The Magazine of Ethiopian Airlines
Hotels + Hotspots

Going Postal

Or, rather, post offices going luxury hotel.


1898 The Post New York City

Opened last year at the heart of Ghent, this luxe boutique hotel fills the upper floors of the city’s late 19th-century neo-Gothic post office. Offering 38 guest rooms — ranging from a 200-square-footer appropriately named “The Stamp,” to a romantic tower suite — The Post envelopes guests in elegant style, with rich, antique furniture and cozy, dark green walls. And with popular cocktail bar The Cobbler granting unrivaled views of historic Ghent, it’s easy to see why this hotel merits far more than just a short stop.


The Fullerton Hotel Singapore

From the outside in, it’s clear that The Fullerton Hotel remains one of Singapore’s most prestigious addresses. Located at the heart of the city’s central business district, the stately, columned building with a sleek and contemporary interior boasts 400 guest rooms, five restaurants, a spa, and more. The building’s basement and first two floors served as the General Post Office in its early days of the 20th century, making use of its strategic position at the mouth of the Singapore River to transport mail onto waiting ships. And though much of the interior has been thoroughly modernized since then, the hotel’s popular Post Bar — featuring the postal quarters’ original coffered ceiling and pillars — momentarily transports patrons away into the transaction hall of yesteryear.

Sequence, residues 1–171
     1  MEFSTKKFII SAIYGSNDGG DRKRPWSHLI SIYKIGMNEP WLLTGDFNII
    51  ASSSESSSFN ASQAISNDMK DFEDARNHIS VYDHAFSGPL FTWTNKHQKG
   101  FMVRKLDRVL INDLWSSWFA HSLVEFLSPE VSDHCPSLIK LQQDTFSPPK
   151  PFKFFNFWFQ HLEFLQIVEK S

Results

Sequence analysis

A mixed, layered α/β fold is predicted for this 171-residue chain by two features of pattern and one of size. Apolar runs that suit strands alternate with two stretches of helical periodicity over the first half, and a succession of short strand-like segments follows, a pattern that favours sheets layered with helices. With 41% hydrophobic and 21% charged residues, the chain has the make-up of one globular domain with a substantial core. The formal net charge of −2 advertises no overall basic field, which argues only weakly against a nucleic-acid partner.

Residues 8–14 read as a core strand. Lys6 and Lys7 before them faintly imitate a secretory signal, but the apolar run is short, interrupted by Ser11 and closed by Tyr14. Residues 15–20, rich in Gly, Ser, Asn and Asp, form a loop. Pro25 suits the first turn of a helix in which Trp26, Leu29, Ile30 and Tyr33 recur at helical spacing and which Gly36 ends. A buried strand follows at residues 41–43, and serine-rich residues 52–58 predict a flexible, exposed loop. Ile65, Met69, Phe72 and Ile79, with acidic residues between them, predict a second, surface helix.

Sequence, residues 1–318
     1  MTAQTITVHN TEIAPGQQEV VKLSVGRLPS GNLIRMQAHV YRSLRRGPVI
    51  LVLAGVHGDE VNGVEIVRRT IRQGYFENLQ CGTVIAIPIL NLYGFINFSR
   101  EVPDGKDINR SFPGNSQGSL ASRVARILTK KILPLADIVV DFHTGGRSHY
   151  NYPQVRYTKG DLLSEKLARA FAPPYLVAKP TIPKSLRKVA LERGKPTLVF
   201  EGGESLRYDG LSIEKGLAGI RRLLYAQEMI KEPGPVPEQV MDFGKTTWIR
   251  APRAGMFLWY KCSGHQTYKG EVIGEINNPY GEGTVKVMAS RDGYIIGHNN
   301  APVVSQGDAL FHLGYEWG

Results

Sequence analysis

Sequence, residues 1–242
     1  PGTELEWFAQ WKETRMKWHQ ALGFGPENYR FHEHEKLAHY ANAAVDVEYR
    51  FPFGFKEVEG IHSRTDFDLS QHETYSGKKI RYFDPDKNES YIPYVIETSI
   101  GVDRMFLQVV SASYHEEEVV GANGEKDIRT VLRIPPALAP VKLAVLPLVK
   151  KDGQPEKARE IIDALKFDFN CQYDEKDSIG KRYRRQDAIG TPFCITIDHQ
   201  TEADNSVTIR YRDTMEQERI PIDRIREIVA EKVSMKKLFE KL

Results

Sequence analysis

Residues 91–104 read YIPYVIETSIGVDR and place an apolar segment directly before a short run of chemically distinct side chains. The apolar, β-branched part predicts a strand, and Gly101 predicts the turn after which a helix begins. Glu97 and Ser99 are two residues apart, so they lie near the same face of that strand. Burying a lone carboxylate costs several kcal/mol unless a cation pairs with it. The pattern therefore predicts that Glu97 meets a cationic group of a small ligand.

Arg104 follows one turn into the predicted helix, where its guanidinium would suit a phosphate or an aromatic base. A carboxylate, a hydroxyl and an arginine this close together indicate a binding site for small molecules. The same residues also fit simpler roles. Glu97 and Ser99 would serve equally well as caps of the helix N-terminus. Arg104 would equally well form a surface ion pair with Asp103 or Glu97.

Kimpton Hotel Monaco Washington, D.C.

From General Post Office to Civil War munitions depot, Bureau of Education to Tarriff Commission headquarters, the landmark 19th-century building designed by Robert Mills and Thomas Ustick Walter (of Washington Monument and U.S. Capitol dome fame, respectively) has clearly served many purposes in its almost two centuries of life. In its most-recent iteration, the building plays home to the capital’s Kimpton Hotel Monaco. Each of the hotel’s 184 rooms, opened in 2002 and renovated again in 2016, features original soaring ceilings, carefully restored woodwork and classical European furnishings — inviting guests to experience a glimpse of Washington, D.C., in its early prime.